I probably should not mention one of my outdoor secrets.  The week before heading north I joined the Camping and Caravan club. Shhhh keep that one to your self.  This was done so that I can access their numerous certified sites, designed for five ‘units’. Somewhere to escape the crowds but with electric hook-up if needed in the colder months.  The campsite close to Boot in Eskdale is not a certified site but it may as well have been this weekend.  It was pretty much empty and I got nearly a whole field to myself. With light and heating, time progressed really quickly until Chrissie and Geoff turned up in their van.  Time for a convivial couple of beers before turning in for the night.

Sca Fell – 16 kilometres with 1,080 metres ascent

Sca Fell

I woke totally sold to the whole heated campervan in winter idea.  Outside was a world of white frost, inside was snug and warm. Even Reuben who I am beginning to realise dislikes camping appeared to be happy.

Three humans and three dogs met outside the vans and set off in pursuit of Sca Fell, a reasonably long day with short daylight hours. Chrissie and Dixie walked with us until we got close to Stony Tarn before turning back.  Dixie is a twelve year old Boxer and the climb to the summit of Sca Fell would have been too much for her.  Geoff and I continued on upwards, Reuben impatiently leading the way, Tilly looking for objects that she should could carry (this often would include large stones).

The first destination was the cracking little summit of Great How.  Detached from the higher hills it gives great views in all directions. We sat and had lunch number one, watching the play of mist and light on the surrounding fells.

A boggy walk across Quagrigg moss was followed by a steep pull up to the summit of Slight Side.  There we met a couple who were celebrating completing their round of the Wainwrights.  No offer was made to share their whisky!

It became increasingly wintry as we approached the summit cairn of Sca Fell which was sadly shrouded in mist.  As we had lunch in the shelter Reuben let me know that he was feeling the cold, enthusiastic when I put his warm coat on.  I had managed to leave my microspikes in the Bongo (a bit of a recurring theme during the weekend) but had managed to borrow Chrissie’s when she turned back earlier in the day.  They came in very handy for the steep descent down the western slopes towards Burnmoor Tarn.

Daylight deserted us during the final half hour, and I realised that I still had not changed the battery of my headtorch (don’t worry I always carry spares, it’s just that I could not be bothered to stop and change it).












The evening was spent at Chez Crowther where Geoff filled our bellies with Chilli and apple pudding.  It became full on glamping when we sat and watched Dr Who afterwards!

Green Crag – 16 kilometres with 710 metres ascent

Green Crag

I had booked the Monday off work so was able to go for a full days walk on the Sunday.  Geoff and Chrissie were heading back south after lunch so we said our goodbyes in the morning.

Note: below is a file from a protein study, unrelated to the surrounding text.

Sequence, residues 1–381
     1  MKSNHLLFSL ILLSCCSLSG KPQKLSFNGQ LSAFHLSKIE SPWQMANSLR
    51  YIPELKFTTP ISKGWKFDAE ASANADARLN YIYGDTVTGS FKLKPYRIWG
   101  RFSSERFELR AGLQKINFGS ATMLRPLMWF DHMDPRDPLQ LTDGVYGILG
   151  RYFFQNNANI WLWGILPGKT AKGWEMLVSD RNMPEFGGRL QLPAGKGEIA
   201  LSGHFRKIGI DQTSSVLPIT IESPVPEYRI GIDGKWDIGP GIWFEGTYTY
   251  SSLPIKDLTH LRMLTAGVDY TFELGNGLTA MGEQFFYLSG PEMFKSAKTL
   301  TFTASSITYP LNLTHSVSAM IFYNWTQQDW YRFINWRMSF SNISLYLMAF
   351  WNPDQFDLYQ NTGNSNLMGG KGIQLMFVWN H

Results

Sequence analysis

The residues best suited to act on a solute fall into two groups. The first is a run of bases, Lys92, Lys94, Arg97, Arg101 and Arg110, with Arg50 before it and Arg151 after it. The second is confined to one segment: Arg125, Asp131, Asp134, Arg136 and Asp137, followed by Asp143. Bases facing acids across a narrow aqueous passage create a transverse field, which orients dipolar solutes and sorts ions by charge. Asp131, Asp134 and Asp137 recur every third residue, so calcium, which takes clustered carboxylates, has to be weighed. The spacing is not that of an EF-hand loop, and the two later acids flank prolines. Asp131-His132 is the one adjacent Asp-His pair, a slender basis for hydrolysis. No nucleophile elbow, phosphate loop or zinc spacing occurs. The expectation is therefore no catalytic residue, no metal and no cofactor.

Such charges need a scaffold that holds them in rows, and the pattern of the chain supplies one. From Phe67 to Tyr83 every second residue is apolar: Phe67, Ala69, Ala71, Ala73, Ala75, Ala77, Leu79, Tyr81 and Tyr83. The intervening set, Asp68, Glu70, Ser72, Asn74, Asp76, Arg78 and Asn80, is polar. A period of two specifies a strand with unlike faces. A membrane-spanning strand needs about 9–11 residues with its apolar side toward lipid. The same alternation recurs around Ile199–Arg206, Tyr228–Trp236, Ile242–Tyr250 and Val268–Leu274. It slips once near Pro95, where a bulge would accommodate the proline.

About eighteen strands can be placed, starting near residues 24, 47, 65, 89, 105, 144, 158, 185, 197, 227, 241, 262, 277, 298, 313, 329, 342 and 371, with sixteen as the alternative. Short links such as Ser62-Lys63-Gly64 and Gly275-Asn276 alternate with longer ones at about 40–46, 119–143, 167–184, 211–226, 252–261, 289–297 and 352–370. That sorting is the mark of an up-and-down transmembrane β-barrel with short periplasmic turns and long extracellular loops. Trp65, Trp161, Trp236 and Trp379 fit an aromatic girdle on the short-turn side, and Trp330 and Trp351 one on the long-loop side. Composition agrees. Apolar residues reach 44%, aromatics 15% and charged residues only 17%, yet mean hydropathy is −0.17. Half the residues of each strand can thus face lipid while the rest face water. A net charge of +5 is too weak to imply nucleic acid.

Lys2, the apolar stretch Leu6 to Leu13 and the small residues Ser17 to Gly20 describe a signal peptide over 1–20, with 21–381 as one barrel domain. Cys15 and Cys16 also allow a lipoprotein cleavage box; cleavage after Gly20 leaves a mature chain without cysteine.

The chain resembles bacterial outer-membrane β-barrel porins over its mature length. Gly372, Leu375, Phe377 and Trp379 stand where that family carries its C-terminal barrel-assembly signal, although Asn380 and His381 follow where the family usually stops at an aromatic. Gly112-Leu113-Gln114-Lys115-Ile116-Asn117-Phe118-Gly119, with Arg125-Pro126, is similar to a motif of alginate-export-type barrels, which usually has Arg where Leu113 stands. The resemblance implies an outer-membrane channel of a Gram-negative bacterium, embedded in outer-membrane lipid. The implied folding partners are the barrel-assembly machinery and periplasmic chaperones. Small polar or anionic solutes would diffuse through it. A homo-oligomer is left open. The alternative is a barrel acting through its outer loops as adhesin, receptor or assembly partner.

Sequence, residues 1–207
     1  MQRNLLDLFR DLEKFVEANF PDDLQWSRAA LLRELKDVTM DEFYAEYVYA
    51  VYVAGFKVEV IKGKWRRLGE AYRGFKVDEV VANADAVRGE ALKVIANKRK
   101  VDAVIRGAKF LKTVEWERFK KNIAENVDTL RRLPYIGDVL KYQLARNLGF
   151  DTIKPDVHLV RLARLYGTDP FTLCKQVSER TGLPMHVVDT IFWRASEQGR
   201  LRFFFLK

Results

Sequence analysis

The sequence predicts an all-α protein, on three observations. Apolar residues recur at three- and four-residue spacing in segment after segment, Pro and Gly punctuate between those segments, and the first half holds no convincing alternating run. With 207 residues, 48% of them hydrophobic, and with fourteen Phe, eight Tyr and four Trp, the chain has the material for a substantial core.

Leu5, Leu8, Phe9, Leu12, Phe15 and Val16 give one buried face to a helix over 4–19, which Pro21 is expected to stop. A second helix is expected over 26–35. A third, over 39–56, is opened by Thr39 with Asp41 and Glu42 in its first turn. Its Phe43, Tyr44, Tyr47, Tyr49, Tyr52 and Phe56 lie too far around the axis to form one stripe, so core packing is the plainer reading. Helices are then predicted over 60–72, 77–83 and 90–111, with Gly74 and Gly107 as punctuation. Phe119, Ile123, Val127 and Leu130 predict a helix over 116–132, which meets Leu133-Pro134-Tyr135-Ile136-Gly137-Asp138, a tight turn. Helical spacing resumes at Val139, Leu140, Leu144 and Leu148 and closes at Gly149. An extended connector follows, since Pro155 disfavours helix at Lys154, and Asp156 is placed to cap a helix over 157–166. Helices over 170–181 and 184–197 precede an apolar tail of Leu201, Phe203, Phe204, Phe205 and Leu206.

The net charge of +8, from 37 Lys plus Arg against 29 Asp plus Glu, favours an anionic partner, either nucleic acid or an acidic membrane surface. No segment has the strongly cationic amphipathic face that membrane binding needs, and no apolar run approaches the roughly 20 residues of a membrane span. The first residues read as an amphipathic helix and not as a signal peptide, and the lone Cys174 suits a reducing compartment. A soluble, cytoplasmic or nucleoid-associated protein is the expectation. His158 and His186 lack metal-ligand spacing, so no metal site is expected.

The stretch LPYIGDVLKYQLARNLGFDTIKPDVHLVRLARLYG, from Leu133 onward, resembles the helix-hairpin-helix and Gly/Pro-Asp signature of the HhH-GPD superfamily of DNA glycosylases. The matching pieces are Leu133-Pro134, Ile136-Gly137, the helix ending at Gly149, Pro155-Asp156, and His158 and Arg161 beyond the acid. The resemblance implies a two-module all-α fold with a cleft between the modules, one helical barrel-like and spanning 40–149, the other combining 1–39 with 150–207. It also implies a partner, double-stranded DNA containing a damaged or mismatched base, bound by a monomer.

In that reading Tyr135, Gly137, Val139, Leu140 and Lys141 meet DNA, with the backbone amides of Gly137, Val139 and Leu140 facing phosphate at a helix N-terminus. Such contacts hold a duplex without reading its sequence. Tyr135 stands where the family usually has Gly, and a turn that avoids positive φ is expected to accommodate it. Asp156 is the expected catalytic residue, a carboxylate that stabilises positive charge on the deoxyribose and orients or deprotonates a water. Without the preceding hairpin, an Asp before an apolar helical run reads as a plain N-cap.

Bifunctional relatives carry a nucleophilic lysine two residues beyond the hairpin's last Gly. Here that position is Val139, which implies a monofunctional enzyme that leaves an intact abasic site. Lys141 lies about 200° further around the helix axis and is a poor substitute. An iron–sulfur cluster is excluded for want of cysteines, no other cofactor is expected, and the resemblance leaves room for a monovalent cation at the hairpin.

The stepping stones over the River Esk were easy to cross with the water levels being low.  A sheltered climb brought us to Stanley Force, a great waterfall hidden deep in a gorge.  The climb up a path soon led us to a rocky viewing platform 150 feet above the falls. It was a giddy vertigo inducing spot, Reuben kept well away from the edge.

The hills around Green Crag are small in altitude but make up for it in terms of ruggedness.  A circuit taking in Great Worm Crag, White How, Green Crag and Crook Crag involved numerous ups and downs.  The summit of Crook Crag even involved a spot of easy scrambling to get to the top.  The best thing however was that there was not a soul to be seen all day, pretty rare for the Lake District.  A spot that I would like to return to in the summer for some wild camping.

A well-defined track that is barely marked on my map led us easily back down into the valley to Low Birker Farm.  The marked right of way would have been impossible down the loose steep slopes.

A path along the River Esk was taken in favour of the road for the walk back to the campsite.  Darkness had once again fallen at this point but thankfully my head torch was shining nice and bright.  This however did not prevent me from getting us temporarily misplaced.

Back at the campsite I had pretty much the entire place to myself.











Rough Crag – 3.5 kilometres with 150 metres ascent

Rough Crag

Ambitious plans were hatched which involved getting up before dawn and marching over a long list of hills before heading home. The reality involved waking up at 10am after a very deep sleep before relaxing at the campsite for a couple of hours.  Even at midday the insulating screens on the van had frozen solid to the glass and took a bit of persuading to be removed.

I parked the Bongo near the summit of the Birker Fell Road, determined to stretch both of our legs before the long drive home.  It was a very pleasant there and back walk across the summits of Rough Crag and Water Crag.  Two small hills that give excellent views for their height.

I will have to make sure that I don’t leave it so long before my next visit to the Lakes.